State department north korea not getting u.s. tax dollars to rebuild bp gas prices columbus ohio


Asked if the United States would provide that sort of investment, Nauert clarified, “That does not mean – some news organizations misreported this – that does [not] mean U.S. tax dollars going to support the regime of Kim Jong-un, not at all.”

“That means if they denuclearize we could see – we could envision a future for North Korea where there’s private investment, where private money goes into North Korea, whether it’s building hotels or cinemas or whatever,” she continued. “That could be a future that North Korea could have, if they choose to denuclearize. And I think that’s an exciting opportunity. … Who doesn’t want a brighter future for their own people?”

“There’s a lot of work that needs to be done in North Korea. Electricity is not readily available throughout large parts of that country. That’s one potential opportunity,” she offered as an example. “I’m sure there are very many U.S. corporations that would certainly welcome being involved in helping to bolster its infrastructure, whether it’s electricity, roads, or whatever. So that’s the incentive for the private sector.”

“Again, U.S. taxpayers would not be financing this,” Nauert reiterated. “We’re a long way off from that point, of course, because the country hasn’t denuclearized, but the point is we’re just talking about what could be a brighter future for that country and for its people.”

“If North Korea takes bold action to quickly denuclearize, the United States is prepared to work with North Korea to achieve prosperity on the par with our South Korean friends,” he said last week. In prior public appearances, he has emphasized that Washington will do nothing to help the communist regime of Kim Jong-un unless complete denuclearization occurred.

Under the Trump administration, the United States successfully convinced the government of China, North Korea’s largest trading partner and closest ally, to support United Nations sanctions on the country, bringing Pyongyang under unprecedented economic pressure. China’s support for sanctions brought about a rare condemnation from North Korean state media, which referred to Beijing as a “vassal force” of the United States masquerading as a “friendly” communist nation. China supported even more sanctions on the regime following that rebuke.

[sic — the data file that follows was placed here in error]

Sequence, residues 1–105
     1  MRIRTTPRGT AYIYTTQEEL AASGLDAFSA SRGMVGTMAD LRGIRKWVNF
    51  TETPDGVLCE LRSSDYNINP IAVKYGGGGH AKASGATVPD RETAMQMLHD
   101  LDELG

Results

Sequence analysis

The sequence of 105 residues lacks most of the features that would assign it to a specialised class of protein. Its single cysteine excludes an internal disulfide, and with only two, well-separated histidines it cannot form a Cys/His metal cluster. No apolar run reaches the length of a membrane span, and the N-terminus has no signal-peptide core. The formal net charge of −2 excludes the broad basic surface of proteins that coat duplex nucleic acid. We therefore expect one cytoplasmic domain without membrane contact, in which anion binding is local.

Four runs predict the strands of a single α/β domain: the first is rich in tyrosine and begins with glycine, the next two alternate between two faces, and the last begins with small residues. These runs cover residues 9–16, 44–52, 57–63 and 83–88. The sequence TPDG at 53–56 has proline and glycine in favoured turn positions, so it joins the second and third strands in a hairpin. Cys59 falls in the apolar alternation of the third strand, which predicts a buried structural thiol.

China has also repeatedly pressured the United States to invest money into North Korea, both through officials and its state media. The state-run Global Times newspaper demanded Washington pay Pyongyang “ attractive rewards” in April for having even considered talks with the United States. A month later, Chinese officials signed a statement alongside Moon Jae-in demanding that “the international community, including the United States, must actively take part in ensuring a bright future for North Korea through a security guarantee and support for its economic development.”

North Korea sent a large delegation of mayors and other Communist officials to Beijing this week to observe the Chinese economy and study how best to transition out of full communism into a repressive autocracy that attracts foreign investment.

North Korea’s state media, which had substituted most of its anti-American vitriol in the past two weeks with anti-Japanese vitriol, recently began attacking the United States for allegedly planning the “ideological and cultural poisoning” of the Korean people through Hollywood and Western culture. North Korean state media have regularly warned citizens this week not to consume Western media – a crime in that country – and recently dismissed American free society as the world’s most “ unpopular ruling system.”